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Effect of Storage Temperatures on the Survival and Growth of Pathogens in Semi Preserved Foods
International Journal of Nutrition and Food Sciences
Volume 3, Issue 3, May 2014, Pages: 133-140
Received: Mar. 11, 2014; Accepted: Apr. 11, 2014; Published: Apr. 20, 2014
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Kwaw, Emmanuel, Department of Hotel, Catering & Institutional Management, Cape Coast Polytechnic, Cape Coast, Ghana
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The effect of storage temperatures on the survival and growth of pathogens in semi preserved foods was assessed using freshly prepared corn dough, dawadawa and cassava dough. Three pathogens, E. coli O157:H7 (Verocytoxigen-negative variant), Yersinia enterocolitica and Salmonella spp. were used. Pathogens were inoculated into 10g of samples in sterilized stomacher bags and stored at temperatures of 4, 15 and 30OC. Inoculated samples were sampled at regular time intervals and cultured on selective media. Predictive model was also used to assess how the pathogens will grow in the samples. The water activity (aw) and pH changes during the storage period were also measured. With the low aw of dawadawa (0.87), none of the pathogens could grow in it but growth was possible in corn and cassava dough. The survival and growth of the pathogens were affected not only by the water activity but pH, storage temperatures and time. However it is worth knowing that other physical and chemical properties of the samples which were not considered in the study might have also contributed to the extent to which the pathogens survived and grew in the samples. On the whole, the extent to which the pathogens did survived and grew in the sample depended on the water activity, pH of the sample and their sensitivity to temperature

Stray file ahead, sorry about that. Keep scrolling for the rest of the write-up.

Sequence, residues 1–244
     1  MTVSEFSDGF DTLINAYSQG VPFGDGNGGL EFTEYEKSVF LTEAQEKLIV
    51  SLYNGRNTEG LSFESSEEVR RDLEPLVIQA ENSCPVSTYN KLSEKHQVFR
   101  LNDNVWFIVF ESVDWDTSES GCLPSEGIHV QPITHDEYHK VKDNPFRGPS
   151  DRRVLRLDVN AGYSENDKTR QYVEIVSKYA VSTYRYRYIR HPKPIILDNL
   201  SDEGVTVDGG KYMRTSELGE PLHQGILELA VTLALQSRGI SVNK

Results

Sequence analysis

Dawadawa, Corn Dough, Cassava Dough, Storage Temperature, Storage Time, Growth, Survival, E. coli O157:H7, Yersinia Enterocolitica, Salmonella Spp, Predictive Model, Growth, Survival
To cite this article
Kwaw, Emmanuel, Effect of Storage Temperatures on the Survival and Growth of Pathogens in Semi Preserved Foods, International Journal of Nutrition and Food Sciences. Vol. 3, No. 3, 2014, pp. 133-140. doi: 10.11648/j.ijnfs.20140303.11
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